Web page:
AUSTRALIAN Marriage Equality national director Rodney Croome has been named Tasmania’s Australia of the Year for his contribution to LGBTI human rights and equality.

At a ceremony in Hobart last night, Croome said his honour was a “sure sign of how far” Tasmania and Australia have come since he and over 100 other people were arrested for setting up a gay rights stall in a public market 26 years ago.

However, he highlighted the ongoing discrimination that still exists, including against trans* and intersex people, and against same-sex couples refused the right to marry.

“Wherever I go around Australia I meet people who want the growing social acceptance of LGBTI folk to be reflected in marriage laws that celebrate love rather than entrench outdated attitudes,” he said.

“I know that in this award these many Australians will find great encouragement.”

AME acting director Ivan Hinton-Teoh welcomed Croome’s award.

“This is a wonderful recognition of the ongoing life work of a great Australian,” Hinton-Teoh said.

“This award highlights the overwhelming support that exists in Australia for fairness and inclusion. Today Tasmanians have honoured Rodney for his advocacy for equality.

“We look forward to the federal government also recognising the importance of equality for all Australians by moving forward on marriage equality.”

Sydney state independent MP Alex Greenwich, who was the AME national director before his election to NSW Parliament, also congratulated Croome.

“Rodney has worked tirelessly to improve the lives of LGBTI people in Tasmania and across Australia, and this is a fitting acknowledgement of his amazing work,” he said.

“I have worked closely with Rodney for over five years and am always inspired by his tenacity to do whatever it takes to get the best outcome for the LGBTI community.”

At last night’s ceremony, Croome praised the other finalists and their understanding and respect for others who do not share their views.

“We live in an age when dogmatism is mistaken for principle, shouting for persuasion and empathy for weakness,” he said.

“I hope that, at its best, my work, and the work of the other Tasmanian finalists here tonight, shows there is a better way forward.”

Croome is now in the running for Australian of the Year, together with seven other state and territory representatives. The winner will be announced on January 25.

Rodney Croome’s address from last night can be read here:

“Thank you for this humbling honour.

While my name is on the citation, it is not only for me.

It is for my ever loving mother, Bev, who is here tonight, and my late father, Peter, for my friend Richard who is also here, and all those friends who have helped me through the tough times, for all the passionate people I work with, and for all those Australians who aspire to a more inclusive nation.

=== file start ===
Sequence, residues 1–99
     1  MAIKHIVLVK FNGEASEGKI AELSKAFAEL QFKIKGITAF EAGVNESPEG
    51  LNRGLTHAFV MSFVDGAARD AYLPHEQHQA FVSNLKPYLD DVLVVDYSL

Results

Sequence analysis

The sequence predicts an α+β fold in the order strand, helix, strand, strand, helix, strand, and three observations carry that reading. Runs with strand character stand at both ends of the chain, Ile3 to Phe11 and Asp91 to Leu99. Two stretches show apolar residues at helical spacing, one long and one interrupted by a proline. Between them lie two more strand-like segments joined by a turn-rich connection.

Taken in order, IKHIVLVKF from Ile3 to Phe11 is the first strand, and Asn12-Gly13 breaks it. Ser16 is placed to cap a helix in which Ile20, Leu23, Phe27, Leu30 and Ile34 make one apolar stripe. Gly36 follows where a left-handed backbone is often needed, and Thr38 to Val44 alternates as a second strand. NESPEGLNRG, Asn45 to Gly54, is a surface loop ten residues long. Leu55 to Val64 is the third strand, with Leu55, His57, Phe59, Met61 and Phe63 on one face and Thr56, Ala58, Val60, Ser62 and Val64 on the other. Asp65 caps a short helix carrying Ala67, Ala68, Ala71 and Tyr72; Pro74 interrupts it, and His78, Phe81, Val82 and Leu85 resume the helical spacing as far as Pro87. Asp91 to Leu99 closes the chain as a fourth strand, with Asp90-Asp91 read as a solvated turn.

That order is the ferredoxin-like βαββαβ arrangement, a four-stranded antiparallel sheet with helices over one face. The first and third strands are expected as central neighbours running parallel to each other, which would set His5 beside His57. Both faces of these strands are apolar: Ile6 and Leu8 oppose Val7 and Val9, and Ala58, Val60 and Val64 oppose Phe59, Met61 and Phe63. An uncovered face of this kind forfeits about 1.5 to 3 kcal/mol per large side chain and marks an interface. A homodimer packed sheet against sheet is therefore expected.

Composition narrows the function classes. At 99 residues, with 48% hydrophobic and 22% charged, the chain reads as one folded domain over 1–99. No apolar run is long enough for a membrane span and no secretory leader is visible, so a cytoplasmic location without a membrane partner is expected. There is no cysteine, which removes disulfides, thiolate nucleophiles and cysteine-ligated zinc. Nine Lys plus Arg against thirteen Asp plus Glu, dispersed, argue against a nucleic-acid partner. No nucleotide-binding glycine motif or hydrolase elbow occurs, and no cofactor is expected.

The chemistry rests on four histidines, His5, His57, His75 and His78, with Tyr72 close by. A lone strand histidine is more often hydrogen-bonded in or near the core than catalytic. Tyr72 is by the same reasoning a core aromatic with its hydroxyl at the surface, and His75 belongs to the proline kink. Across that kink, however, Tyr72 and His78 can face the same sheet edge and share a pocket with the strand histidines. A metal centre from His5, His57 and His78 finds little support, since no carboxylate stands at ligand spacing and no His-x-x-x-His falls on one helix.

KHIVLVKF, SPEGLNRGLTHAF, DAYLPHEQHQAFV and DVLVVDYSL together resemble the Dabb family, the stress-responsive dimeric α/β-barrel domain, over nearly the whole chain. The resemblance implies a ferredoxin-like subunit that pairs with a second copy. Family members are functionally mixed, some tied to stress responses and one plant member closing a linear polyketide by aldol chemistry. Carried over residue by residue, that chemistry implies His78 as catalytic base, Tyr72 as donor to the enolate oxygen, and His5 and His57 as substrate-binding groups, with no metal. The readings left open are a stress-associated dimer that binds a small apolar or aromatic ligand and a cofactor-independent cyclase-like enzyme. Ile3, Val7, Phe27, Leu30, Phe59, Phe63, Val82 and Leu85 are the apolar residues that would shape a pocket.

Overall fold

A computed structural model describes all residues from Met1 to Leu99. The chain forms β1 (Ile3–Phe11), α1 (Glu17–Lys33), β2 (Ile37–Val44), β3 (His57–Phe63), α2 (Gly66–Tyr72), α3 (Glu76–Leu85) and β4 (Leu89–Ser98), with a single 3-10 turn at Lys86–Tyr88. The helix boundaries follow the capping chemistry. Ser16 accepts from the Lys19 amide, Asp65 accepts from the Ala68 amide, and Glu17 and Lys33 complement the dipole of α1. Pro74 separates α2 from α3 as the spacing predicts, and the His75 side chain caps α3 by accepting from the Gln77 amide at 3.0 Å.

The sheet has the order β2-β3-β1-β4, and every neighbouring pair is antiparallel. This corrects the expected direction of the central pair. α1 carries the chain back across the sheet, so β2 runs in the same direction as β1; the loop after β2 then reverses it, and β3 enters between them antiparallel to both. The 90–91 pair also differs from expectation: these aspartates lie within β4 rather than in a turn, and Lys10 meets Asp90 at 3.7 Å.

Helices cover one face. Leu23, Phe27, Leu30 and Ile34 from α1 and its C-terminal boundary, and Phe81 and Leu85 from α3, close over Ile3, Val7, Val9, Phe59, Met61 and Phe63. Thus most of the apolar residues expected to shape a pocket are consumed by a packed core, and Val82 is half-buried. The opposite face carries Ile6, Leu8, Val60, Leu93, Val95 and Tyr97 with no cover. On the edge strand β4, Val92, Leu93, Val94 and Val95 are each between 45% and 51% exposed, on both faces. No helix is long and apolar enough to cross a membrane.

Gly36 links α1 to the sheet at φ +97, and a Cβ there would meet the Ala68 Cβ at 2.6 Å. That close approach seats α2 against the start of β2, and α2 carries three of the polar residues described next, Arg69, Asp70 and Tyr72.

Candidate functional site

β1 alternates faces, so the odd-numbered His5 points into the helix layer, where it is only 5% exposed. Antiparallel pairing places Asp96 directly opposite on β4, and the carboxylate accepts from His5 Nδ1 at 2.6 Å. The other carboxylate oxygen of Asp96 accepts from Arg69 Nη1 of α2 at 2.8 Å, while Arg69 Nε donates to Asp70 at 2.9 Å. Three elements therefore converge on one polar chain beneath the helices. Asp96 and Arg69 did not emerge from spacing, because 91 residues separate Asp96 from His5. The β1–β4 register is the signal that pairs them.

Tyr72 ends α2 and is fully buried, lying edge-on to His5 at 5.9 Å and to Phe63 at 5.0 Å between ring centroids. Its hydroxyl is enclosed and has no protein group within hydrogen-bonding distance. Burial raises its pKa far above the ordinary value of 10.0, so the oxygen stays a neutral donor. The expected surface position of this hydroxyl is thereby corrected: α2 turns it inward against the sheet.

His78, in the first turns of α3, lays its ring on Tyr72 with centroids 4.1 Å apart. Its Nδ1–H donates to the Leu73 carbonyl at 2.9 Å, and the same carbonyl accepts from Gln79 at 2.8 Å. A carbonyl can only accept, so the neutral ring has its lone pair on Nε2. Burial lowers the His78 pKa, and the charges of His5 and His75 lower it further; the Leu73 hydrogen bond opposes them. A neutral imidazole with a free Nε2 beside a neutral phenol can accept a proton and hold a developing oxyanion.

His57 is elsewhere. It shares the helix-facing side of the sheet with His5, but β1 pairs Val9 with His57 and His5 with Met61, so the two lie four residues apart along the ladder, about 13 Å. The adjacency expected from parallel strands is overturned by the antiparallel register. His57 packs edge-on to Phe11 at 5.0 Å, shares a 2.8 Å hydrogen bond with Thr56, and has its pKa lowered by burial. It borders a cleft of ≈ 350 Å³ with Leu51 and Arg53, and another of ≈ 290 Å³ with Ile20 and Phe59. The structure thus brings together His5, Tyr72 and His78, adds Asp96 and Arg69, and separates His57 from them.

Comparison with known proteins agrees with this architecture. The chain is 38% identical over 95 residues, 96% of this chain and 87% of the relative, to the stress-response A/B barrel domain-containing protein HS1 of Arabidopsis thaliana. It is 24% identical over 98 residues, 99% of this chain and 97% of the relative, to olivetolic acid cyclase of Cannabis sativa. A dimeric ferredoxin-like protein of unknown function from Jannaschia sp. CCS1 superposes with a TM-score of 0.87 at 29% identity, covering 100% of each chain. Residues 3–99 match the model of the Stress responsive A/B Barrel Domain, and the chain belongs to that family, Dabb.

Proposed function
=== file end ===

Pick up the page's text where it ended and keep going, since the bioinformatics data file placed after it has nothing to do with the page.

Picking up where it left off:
Most of all it is for my partner, Raf, who can’t be here tonight, but whose immense love and generosity has enabled me to continue to do what I do.

26 years ago last week, on October 22nd 1988, my journey as an advocate for the LGBTI community began, after the Hobart City Council banned a Salamanca Market stall calling for the decriminalisation of homosexuality, and along with many others I was arrested in defence of that stall.

It was a frightening step for a middle class boy from Devonport, but I knew in my heart it was the right thing to do.

A quarter century later Tasmania and the nation have seen immense strides towards LGBTI equality.

Tasmania has gone from having the worst laws and attitudes towards sexual and gender minorities to having some of the best.

Across Australia, hatred and bigotry against LGBTI people have gone from being tolerated to having no legitimate place.

Few things speak more eloquently of this transformation than the fact that a man once arrested for defending LGBTI human rights is now honoured for it.

But there remains much to do.

Transgender and intersex people lack many of the basic rights other Australians take for granted. Men once arrested for being gay our burdened by criminal records that should be erased and apologised for.

Most of all, wherever I go around Australia I meet people who want the growing social acceptance of LGBTI folk to be reflected in marriage laws that celebrate love rather than entrench outdated attitudes.

I know that in this award these many Australians will find great encouragement.

To end, a word about and to my fellow finalists.

As Tasmanians we are close. I am familiar with the work of many of you and would have happily seen any one of you standing here instead of me.

I say this not out of false humility but because of what I think we have in common.

We are serious and passionate about the values we hold.

But because our community’s weave is tight we also do our best to understand, respect and work with those who do not always share these values.

This is hard and I know I often fail to show the patience I should. But in the quarter century I have advocated for LGBTI equality I have found the only way across the torrents of human conflict is to build a bridge.

We live in an age when dogmatism is mistaken for principle, shouting for persuasion and empathy for weakness.

I hope that, at its best, my work, and the work of the other Tasmanian finalists here tonight, shows there is a better way forward.

Thank you again for such a great honour.”

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